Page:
The Periscope Culled
or breaching its guidelines on lending to the real sector of the economy, the Central Bank of Nigeria (CBN) has fined 12 major banks N499.1billion.
According to an approved debit instruction, the affected banks and the amount they will pay are: Citibank (N100,743,055, 321); First Bank of Nigeria (N74,668,880,480); FBNQuest Merchant Bank (N2, 697,456,144); First City Monument Bank (FCMB), (N14, 371,064, 742) and Guaranty Trust Bank (N25, 147, 933, 628).
Others are Jaiz Bank (N7, 525, 165,552); Keystone Bank (N4, 162, 938, 879); Rand Merchant Bank (N2, 823,177,399); Standard Chartered Bank (N30,027,137,984); SunTrust Bank (N1,703,205,427); United Bank for Africa (N99,676,181,916) and Zenith Bank (N135,629,337,625).
The banks will lose the money at source from their Cash Reserve Requirement (CRR) with the CBN.
The CRR is a portion of the banks’ deposits kept with the CBN for regulatory reasons.
The apex bank, on July 3, 2019, directed banks to maintain a minimum Loan Deposit Ratio (LDR) of 60 per cent by September 30, 2019.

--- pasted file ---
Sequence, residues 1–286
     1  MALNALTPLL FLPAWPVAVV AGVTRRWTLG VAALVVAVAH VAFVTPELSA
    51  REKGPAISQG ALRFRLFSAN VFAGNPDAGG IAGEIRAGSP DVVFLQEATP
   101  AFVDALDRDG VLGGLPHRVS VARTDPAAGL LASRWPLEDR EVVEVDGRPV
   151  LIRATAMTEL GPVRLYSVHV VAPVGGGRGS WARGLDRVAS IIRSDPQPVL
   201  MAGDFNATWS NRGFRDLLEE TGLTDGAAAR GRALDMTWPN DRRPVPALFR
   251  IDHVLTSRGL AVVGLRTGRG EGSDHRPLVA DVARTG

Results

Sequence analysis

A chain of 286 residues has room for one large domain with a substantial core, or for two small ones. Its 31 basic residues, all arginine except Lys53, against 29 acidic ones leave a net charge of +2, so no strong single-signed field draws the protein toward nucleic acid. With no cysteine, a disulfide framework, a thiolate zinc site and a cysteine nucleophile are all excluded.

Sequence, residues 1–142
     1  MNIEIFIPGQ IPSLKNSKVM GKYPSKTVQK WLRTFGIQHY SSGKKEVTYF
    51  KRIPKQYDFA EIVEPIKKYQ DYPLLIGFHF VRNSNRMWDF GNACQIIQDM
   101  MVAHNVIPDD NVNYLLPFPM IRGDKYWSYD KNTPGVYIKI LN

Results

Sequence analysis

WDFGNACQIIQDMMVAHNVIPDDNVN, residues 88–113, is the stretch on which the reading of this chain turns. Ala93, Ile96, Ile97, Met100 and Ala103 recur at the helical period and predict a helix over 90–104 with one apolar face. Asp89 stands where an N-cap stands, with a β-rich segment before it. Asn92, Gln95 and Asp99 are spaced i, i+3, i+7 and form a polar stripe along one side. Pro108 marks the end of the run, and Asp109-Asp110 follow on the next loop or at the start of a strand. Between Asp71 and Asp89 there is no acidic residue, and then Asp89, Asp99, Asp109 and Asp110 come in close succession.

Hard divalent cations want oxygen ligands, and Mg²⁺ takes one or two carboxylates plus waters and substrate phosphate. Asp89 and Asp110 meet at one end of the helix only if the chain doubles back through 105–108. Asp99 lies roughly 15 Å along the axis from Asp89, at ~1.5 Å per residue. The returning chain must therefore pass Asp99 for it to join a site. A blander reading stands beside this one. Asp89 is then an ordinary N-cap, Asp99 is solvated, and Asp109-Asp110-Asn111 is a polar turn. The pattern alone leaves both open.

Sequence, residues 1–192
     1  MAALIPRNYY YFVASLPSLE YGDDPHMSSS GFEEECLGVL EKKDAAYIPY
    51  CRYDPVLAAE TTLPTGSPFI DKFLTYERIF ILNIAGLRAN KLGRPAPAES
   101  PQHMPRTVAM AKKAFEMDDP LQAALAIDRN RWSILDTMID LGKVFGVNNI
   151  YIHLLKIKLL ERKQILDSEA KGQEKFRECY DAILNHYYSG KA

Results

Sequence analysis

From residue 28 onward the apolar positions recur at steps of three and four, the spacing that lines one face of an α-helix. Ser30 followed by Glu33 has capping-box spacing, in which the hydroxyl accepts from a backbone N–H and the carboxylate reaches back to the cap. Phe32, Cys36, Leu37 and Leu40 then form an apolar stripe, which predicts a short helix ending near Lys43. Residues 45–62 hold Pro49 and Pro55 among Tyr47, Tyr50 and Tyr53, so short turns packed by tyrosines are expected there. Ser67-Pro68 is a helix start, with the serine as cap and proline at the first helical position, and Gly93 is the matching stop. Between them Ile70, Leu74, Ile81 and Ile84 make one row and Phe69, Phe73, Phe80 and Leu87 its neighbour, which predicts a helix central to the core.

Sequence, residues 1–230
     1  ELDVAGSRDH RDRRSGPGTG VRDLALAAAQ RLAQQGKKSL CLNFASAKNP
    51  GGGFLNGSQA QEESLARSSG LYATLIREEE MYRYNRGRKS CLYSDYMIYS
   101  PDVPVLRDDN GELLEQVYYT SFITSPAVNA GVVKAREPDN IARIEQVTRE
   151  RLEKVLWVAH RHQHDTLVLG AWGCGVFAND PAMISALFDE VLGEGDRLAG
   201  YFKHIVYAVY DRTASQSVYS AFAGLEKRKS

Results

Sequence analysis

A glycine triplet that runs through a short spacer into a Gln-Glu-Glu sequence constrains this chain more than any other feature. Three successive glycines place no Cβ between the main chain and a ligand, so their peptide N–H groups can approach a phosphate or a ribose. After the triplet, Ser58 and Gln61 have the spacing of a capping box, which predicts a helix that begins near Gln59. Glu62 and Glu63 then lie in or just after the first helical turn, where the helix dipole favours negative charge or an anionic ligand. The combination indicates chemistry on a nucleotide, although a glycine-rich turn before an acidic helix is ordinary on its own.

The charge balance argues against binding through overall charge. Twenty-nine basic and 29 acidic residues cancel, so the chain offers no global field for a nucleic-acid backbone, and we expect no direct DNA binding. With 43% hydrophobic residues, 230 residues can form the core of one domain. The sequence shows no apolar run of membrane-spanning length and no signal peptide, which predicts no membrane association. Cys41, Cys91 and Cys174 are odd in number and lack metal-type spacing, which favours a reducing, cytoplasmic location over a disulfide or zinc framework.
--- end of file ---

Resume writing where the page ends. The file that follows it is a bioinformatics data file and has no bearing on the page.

The LDR, which was being reviewed quarterly to improve lending to the real sector, was 58.5 per cent as at May.
It has now been raised to 65 per cent for the last quarter of the year.
A CBN circular: “Regulatory Measures to Improve Lending to the Real Sector of the Nigerian Economy,” says in order to ramp up economic growth through investment in real sector, the CBN approved that all banks should maintain a minimum LDR of 60 per cent by September 30.
Based on the guidelines, failure to meet the minimum loan to deposit ratio of 60 per cent by October 1 would attract a levy of fine which is additional CRR equal to 50 per cent of the lending shortfall of the target.
Central bank of Nigeria (CBN) Governor Godwin Emefiele had said that banks that fail to meet its directive on the 60 per cent LDR would be penalised at the expiration of the deadline.
“Failure to meet the above minimum LDR by the specified date shall result in levy or additional Cash Reserve Requirement equal to 50 per cent of the lending shortfall of the target,” CBN Director, Banking Supervision, Ahmad Abdullahi, said in the July 3 circular.
The LDR policy is expected to push banks to increase lending to high risk-borrowers, with the potential of incurring heavy losses and higher non-performing loans.
To encourage SMEs, retail, mortgage and consumer lending, these sectors shall be assigned a weight of 150 per cent in computing LDR for this purpose